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Singaporean ‘spaces of hope?’: Activist geographies in the city-state

Research output: Contribution to journalArticle

Original languageEnglish
Pages (from-to)186-203
Number of pages18
JournalCity
Volume20
Issue number2
DOIs
Publication statusE-pub ahead of print - 6 Feb 2016

King's Authors

Abstract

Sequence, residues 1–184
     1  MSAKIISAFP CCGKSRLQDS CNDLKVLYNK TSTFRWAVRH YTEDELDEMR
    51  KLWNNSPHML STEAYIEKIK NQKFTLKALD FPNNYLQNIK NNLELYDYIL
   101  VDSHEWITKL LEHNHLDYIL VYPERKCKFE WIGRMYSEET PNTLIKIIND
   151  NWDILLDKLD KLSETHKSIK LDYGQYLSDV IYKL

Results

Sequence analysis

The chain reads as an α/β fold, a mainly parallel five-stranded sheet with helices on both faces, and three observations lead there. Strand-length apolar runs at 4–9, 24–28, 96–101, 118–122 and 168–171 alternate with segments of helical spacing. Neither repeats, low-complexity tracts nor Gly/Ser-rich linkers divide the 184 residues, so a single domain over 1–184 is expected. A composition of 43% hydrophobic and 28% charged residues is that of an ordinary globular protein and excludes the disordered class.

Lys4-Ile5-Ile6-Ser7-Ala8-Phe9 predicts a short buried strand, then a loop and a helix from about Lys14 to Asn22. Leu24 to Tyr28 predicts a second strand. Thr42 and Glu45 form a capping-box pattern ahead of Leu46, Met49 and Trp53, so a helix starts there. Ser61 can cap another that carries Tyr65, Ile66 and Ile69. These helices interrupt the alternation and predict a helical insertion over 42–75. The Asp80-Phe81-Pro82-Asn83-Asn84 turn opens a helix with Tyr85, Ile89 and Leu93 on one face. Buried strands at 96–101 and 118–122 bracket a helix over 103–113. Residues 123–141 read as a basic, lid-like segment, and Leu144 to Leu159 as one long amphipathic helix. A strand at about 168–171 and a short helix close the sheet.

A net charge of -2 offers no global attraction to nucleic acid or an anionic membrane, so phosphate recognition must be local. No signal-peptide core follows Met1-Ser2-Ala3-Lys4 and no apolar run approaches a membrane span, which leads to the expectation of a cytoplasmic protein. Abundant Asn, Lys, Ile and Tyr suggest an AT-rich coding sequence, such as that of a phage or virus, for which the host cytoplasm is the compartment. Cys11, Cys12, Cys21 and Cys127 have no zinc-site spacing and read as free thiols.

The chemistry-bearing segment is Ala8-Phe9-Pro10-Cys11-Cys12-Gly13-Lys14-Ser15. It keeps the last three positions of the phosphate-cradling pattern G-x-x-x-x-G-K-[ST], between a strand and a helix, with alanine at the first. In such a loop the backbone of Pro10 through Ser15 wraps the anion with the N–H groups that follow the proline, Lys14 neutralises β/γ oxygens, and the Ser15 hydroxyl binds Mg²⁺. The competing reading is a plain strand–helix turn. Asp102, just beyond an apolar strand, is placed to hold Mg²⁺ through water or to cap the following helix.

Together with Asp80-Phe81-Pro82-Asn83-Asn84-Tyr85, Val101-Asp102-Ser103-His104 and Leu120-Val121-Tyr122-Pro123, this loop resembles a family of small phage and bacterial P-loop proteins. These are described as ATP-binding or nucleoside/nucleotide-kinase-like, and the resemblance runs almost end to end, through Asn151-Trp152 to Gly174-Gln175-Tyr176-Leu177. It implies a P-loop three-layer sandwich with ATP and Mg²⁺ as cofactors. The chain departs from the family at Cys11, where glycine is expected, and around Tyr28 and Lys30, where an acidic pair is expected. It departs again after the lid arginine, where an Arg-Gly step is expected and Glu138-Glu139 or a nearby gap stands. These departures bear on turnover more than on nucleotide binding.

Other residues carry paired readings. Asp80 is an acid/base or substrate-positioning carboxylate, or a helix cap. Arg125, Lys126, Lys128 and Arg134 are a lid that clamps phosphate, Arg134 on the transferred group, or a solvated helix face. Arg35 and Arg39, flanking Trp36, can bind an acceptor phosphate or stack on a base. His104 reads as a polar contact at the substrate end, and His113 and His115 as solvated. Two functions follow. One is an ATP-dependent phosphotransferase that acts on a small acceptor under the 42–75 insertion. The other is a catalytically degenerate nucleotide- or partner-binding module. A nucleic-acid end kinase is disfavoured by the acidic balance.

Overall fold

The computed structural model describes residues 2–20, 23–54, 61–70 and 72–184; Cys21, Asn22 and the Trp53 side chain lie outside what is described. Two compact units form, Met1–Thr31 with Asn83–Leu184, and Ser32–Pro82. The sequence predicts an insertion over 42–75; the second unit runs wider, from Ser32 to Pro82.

Singapore is at a critical juncture. Riots in 2013 brought simmering cultural, class and ethnic tensions to the surface: Lee Kuan Yew's death in March 2015 has caused the nation to pause and reflect on its past and future. A cultural war has seen progressive and conservative societal factions battling over ideological and material space. Parallels can be drawn to resurgent activism witnessed around the world, from ‘Occupy’ and the ‘Arab Spring’ to current movements in Asian cities. Authors have been revisiting and reconceptualizing urban social and political movements, with ‘cultural activism’ and ‘creative resistance’ gaining traction in literature. Increasingly, such literature is expanding to include non-Western cities and differing political contexts. However, Singapore's unique context invites (and requires) a closer reading of what the ‘new’ geographies of activism look like in a quasi-authoritarian context, and the make-up and characteristics of activist coalitions and alliances deserve a revisiting in such a setting. This paper uses empirical examples from Singapore to show that urban social movements (USMs) may not be as easily demarcated or identifiable as they are sometimes represented. ‘Right’ and ‘left’, ‘State’ and ‘society’, and ‘activist’ and ‘non-activist’ overlap and interact in complex ways unique to Singapore's ‘illiberal pragmatic’ structure. Therefore, this paper addresses the transferability of ‘cultural activism’ conceptualizations to less-democratic settings or city-state scales, presenting the activist spaces as somewhat ambivalent and ambiguous, within a wider cultural war. Findings are presented through the cases of Bukit Brown and Singapore's ‘digital sphere’, illustrating where possibilities and impossibilities for ‘spaces of hope’ might be found, and exploring the tensions intrinsic to Singapore's cultural landscape.

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